Canada Reporting Increased HPV-Related Cancers
Mouth and throat tumors caused by the human papillomavirus (HPV) have risen sharply among men and could surpass the rate of HPV-induced cervical cancer in women according to the Canadian Cancer Society (CCS).
In this CCS report, the percentage of HPV-related mouth and throat cancers jumped 56% in males and just 17% in females between 1992 and 2012.
“This trend now represents about one-third of all HPV cancers in Canada, equal to the proportion of cervical cancer cases,” said Leah Smith, a Canadian Cancer Society epidemiologist.
The CCS says most sexually active men and women become infected with HPV at some point during their lifetime. Most people eliminate the virus in about two years. But in a small percent of those patients infected, the HPV persists, later causing various cancers.
The CCS forecasts 4,000 Canadian men and women will be diagnosed with an HPV-related cancer in 2016, including cervical, genital, and anal cancers. Moreover, about 1,200 patients will die as a result.
CCS research is increasingly pointing to "deep kissing" and oral sex as major culprits in HPV transmission. In a small proportion of those infected, mouth and throat cancers may develop years later.
Those cases could be sharply reduced if both girls and boys were immunized against the most dangerous strains of HPV before they become sexually active.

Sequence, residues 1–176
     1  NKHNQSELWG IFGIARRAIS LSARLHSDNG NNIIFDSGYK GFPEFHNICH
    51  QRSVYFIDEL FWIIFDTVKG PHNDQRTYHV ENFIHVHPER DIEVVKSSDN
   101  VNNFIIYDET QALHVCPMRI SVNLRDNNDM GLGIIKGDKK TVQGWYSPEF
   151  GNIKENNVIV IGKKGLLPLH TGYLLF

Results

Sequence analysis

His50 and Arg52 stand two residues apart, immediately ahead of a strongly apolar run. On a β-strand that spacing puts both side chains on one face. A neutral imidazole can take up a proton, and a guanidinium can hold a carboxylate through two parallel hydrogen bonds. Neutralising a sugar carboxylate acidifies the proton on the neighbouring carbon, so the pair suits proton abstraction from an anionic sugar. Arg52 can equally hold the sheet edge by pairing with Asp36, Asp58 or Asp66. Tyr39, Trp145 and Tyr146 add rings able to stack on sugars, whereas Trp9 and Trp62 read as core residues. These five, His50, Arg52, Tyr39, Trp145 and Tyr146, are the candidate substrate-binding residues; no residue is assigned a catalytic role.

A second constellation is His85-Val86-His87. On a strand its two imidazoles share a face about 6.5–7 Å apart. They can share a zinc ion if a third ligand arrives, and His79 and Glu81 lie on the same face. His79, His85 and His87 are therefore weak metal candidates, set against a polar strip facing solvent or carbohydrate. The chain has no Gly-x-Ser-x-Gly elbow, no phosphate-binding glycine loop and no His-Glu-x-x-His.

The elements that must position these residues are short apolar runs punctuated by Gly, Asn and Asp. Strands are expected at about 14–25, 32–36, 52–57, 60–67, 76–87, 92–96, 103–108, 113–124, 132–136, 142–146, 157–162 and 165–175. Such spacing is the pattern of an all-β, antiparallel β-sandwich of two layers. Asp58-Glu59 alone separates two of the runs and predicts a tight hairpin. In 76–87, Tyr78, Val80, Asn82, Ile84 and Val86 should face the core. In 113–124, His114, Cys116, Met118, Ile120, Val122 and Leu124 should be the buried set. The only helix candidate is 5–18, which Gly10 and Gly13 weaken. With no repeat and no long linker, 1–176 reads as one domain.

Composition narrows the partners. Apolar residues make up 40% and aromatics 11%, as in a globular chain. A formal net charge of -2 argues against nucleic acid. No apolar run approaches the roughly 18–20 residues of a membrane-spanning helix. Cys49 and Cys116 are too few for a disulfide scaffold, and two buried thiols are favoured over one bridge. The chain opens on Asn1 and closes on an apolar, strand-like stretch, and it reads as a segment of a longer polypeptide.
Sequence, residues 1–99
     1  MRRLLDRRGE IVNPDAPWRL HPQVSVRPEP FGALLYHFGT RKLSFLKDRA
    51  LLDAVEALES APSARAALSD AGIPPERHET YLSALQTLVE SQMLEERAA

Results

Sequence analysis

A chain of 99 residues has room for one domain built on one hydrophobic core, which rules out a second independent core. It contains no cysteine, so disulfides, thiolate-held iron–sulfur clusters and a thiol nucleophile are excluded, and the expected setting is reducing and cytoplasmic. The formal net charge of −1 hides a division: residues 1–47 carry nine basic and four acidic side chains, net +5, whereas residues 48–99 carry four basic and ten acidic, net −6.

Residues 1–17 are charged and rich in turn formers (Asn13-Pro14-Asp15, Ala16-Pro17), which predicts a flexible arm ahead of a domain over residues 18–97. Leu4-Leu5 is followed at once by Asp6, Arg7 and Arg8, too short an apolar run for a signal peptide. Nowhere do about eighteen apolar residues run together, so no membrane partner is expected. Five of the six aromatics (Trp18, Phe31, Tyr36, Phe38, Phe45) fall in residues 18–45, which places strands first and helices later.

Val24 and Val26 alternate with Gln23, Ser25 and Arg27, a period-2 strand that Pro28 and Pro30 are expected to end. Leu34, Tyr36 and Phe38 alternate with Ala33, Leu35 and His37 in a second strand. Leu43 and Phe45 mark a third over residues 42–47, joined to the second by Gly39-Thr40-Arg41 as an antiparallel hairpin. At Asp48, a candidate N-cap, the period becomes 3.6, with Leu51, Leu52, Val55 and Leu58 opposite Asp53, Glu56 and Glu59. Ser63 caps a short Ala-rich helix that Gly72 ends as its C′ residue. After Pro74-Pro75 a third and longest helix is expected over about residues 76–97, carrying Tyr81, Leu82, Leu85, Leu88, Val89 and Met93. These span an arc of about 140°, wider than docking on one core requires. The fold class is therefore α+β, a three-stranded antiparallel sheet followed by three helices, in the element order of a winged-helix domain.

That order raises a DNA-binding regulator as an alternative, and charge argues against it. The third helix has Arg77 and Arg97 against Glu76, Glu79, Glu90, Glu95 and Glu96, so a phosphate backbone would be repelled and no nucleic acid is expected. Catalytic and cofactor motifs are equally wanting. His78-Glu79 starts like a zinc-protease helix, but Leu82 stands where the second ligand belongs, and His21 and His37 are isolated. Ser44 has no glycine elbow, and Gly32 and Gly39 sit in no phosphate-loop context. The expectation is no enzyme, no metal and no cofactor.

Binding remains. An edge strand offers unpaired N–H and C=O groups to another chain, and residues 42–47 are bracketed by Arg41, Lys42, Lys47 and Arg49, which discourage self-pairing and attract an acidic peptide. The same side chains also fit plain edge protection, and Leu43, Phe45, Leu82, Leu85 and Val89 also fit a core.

There are now three vaccines available in Canada that can protect against infection from up to nine different strains of HPV.
Girls aged 9 and older can receive HPV immunity through school-based programs in all provinces and territories. Six provinces - Alberta, Manitoba, Ontario, Quebec, Nova Scotia, and Prince Edward Island - also provide HPV vaccines for boys starting at age 9.
While females can have regular Pap tests to detect precancerous lesions in the cervix, there is no test for HPV-related cancers in the mouth and throat.
HPV is the most common sexually transmitted infection (STI). HPV is a different virus than HIV and herpes. HPV is so common that nearly all sexually active men and women get it at some point in their lives. There are also many different types of HPV. Some types can cause health problems, including genital warts and cancers.